1 From the Department of Ophthalmology and Visual Sciences, University of Illinois at Chicago Eye and Ear Infirmary, USA
2 From the Department of Ophthalmology, David Geffen School of Medicine at UCLA and the Jules Stein Eye Institute, Los Angeles, California, USA
To evaluate the visual and refractive outcomes, lens power calculation accuracy, and safety of negative power intraocular lenses (IOLs) implanted in highly myopic eyes at the time of cataract surgery.
Interventional case series.
Sixteen consecutive highly myopic eyes implanted with IOLs from –1 D to –6 D were identified. IOL power; preoperative and postoperative best-corrected visual acuity (BCVA); postoperative uncorrected visual acuity (UCVA); preoperative, intended, and achieved spherical equivalent (SE) refractive errors; and operative complications were recorded.
Median UCVA improved from finger counting to 20/50-2. Median BCVA improved from 20/125-1 to 20/30+1. Mean axial length was 32.65 mm. The mean SE refractive error was –22.19 ± 5.4 D before surgery and -0.28 ± 1.4 D after surgery. The difference between the mean intended and mean achieved SE refractive errors was +1.16 D for the SRK/T, +1.2 D for the Holladay 1, and +1.60 D for the Hoffer Q formulas. Only 5 (33.3%) of 15 eyes in which postoperative measurements were possible were within 1 D of the intended SE postoperative refraction. Postoperative complications included a mildly hyperopic postoperative refractive error (+1.75 D) in one eye necessitating an IOL exchange and posterior capsule opacification in most eyes. There were no retinal detachments.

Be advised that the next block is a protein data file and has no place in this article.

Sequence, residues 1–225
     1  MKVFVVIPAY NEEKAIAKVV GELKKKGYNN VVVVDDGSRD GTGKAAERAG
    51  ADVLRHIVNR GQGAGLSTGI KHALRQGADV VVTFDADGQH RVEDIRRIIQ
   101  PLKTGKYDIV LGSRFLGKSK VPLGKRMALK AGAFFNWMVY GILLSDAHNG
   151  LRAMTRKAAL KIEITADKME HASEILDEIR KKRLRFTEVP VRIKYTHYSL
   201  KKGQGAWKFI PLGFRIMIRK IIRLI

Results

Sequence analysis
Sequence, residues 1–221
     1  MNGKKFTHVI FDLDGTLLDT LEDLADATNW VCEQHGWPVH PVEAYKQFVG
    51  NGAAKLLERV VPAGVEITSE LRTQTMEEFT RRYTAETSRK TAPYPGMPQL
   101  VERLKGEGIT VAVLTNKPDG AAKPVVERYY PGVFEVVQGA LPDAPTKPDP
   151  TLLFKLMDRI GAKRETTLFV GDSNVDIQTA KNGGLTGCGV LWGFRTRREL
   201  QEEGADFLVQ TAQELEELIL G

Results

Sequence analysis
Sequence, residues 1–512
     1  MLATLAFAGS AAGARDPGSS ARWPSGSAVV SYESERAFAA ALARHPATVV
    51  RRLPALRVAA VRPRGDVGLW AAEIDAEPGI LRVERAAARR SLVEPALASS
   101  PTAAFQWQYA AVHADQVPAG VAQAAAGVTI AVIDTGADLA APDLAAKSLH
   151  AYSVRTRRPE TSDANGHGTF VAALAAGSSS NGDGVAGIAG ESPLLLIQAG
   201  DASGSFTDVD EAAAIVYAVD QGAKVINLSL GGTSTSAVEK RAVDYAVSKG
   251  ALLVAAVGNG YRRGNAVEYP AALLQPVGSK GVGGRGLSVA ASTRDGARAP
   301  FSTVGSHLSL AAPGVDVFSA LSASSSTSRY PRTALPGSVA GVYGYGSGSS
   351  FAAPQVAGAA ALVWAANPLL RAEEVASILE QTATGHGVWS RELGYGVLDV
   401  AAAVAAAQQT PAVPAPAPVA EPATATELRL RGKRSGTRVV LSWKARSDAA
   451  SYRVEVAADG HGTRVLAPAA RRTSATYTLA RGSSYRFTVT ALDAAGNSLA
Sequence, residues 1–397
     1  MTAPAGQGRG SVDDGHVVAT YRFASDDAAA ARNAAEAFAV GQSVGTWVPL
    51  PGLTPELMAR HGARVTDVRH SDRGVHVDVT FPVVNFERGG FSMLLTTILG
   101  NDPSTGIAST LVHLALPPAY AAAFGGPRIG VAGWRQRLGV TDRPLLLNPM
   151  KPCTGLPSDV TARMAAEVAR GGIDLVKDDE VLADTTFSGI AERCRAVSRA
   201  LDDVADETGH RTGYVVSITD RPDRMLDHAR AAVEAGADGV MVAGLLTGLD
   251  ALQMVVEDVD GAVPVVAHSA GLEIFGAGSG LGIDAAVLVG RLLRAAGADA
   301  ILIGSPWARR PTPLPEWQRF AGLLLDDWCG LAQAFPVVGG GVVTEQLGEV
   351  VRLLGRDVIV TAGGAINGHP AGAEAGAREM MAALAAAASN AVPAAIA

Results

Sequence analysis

The SRK/T formula had the greatest accuracy and predictability when immersion A-scan ultrasonography was used to measure axial length. The mean achieved postoperative refractive error was +1.16 D more hyperopic than predicted by this formula. We recommend targeting highly myopic eyes for –1.5 D using the SRK/T formula if a negative power IOL is calculated and emmetropia or mild residual myopia is the desired postoperative result.
Received Date: 1/1/2008 Revision Received Date: 18/1/2008 Acceptance Date: 20/1/2008 Electronic publication date: 15/2/2008 Collection year: 2008
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2008 Bentham Science Publishers Ltd
open-access license: This is an open access article distributed under the terms of the Creative Commons Attribution License (http://creativecommons.org/licenses/by/2.5/), which permits unrestrictive use, distribution, and reproduction in any medium, provided the original work is properly cited.
* Address correspondence to this author at the Department of Ophthalmology, David Geffen School of Medicine at UCLA and the Jules Stein Eye Institute, Los Angeles, California 90095-7002, USA; E-mail: email@example.com§Presented in part at the annual meeting of the American Society of Cataract and Refractive Surgery, San Francisco, California, April 2003. #Dr. Miller is the Kolokotrones Professor of Clinical Ophthalmology at UCLA.